Then there was the usual retraction splashed all over the front page with derogatory comments by Dujon.
As he signed Dujon’s release papers all the usual taunts came, but Dexter was immune. It came with the territory of rank in the Police.
He swore on his own life. He would have him behind bars before he left the island.
The sound of the surf breaking around him reminded him of the wedding. What a wonderful wedding it had been, a day to remember all his life. It had all been arranged within eight weeks of coming to the island. He had decided on a beach wedding in the cool of the evening with just a few friends, followed by a small reception on the beach close to the local beach bar. Music was provided by an impromptu band hired by his police colleagues.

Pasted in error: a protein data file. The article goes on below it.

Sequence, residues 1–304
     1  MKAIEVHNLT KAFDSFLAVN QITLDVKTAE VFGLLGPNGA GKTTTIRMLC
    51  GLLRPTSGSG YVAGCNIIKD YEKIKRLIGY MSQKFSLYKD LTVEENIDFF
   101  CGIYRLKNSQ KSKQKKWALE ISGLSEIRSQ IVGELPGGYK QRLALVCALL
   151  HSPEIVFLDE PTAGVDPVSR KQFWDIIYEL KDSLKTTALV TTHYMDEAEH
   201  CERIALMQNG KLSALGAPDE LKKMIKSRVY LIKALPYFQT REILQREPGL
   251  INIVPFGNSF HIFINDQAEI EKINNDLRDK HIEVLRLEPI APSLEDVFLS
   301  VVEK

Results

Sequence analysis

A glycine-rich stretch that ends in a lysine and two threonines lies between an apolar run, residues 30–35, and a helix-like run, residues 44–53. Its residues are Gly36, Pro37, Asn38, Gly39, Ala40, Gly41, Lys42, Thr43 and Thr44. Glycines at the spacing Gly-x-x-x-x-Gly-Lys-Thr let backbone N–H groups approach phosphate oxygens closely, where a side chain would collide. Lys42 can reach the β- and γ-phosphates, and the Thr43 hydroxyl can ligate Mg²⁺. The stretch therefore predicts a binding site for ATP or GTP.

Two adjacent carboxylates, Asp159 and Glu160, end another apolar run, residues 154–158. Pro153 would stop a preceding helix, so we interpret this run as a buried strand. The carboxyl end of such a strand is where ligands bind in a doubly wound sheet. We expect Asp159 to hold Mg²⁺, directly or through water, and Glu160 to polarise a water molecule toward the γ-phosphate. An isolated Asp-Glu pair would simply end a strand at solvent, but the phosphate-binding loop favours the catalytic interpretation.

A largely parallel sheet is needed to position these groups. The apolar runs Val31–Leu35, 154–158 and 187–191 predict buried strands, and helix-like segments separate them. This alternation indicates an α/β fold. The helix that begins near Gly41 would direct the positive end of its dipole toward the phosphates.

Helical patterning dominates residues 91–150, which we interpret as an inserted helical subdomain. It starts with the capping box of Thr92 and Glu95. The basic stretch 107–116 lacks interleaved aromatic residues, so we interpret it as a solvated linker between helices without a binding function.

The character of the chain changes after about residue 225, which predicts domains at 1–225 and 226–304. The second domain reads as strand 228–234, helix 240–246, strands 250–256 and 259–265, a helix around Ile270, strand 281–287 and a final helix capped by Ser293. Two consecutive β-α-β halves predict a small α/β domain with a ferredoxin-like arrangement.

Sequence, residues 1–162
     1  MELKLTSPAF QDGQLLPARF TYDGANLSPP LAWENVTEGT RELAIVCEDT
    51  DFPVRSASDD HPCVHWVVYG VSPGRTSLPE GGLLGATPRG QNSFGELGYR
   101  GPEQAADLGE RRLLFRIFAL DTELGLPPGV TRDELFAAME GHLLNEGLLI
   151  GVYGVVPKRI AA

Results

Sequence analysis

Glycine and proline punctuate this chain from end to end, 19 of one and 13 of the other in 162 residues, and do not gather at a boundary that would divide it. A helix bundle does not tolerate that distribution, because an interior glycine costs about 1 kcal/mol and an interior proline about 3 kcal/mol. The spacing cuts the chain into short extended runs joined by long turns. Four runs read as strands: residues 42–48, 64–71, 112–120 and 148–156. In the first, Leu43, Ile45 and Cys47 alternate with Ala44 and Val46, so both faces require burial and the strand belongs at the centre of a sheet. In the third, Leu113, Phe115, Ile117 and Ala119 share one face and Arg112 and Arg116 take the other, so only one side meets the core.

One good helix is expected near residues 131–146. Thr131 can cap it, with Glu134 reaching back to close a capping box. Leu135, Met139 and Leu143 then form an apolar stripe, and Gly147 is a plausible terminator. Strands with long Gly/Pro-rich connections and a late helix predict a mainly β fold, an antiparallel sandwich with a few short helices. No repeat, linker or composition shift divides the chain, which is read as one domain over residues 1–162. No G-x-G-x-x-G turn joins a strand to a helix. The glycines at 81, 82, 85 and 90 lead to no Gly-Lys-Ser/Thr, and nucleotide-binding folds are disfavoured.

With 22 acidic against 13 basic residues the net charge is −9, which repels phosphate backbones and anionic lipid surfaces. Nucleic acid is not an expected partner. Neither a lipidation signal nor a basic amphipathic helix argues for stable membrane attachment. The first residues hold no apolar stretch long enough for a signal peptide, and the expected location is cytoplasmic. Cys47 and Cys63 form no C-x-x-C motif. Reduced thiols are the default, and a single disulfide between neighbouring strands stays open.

Joanna, a leggy, slim, blonde, came up to the shoulders of his six foot two frame, and was never short of second glances wherever they went. She was proud to be his woman and it showed. She had worn a white transparent dress threaded with silver in the mode of the Grecians and pinned her hair into a similar fashion with a few curls tumbling down to her shoulders. Her feet were bare.
As the evening wore on, curiosity and the rhythmic band brought others to the beach. Always mindful of what was happening around him he’d sent a couple of officers to just ‘check things out’ but they reported only sightseers. Why hadn’t he paid attention to the hairs standing up on his neck? Tears pricked his eyes as he remembered.
Joanna loved the location of the property, situated up in the hills. The view was stunning and there was only one road leading up to their home.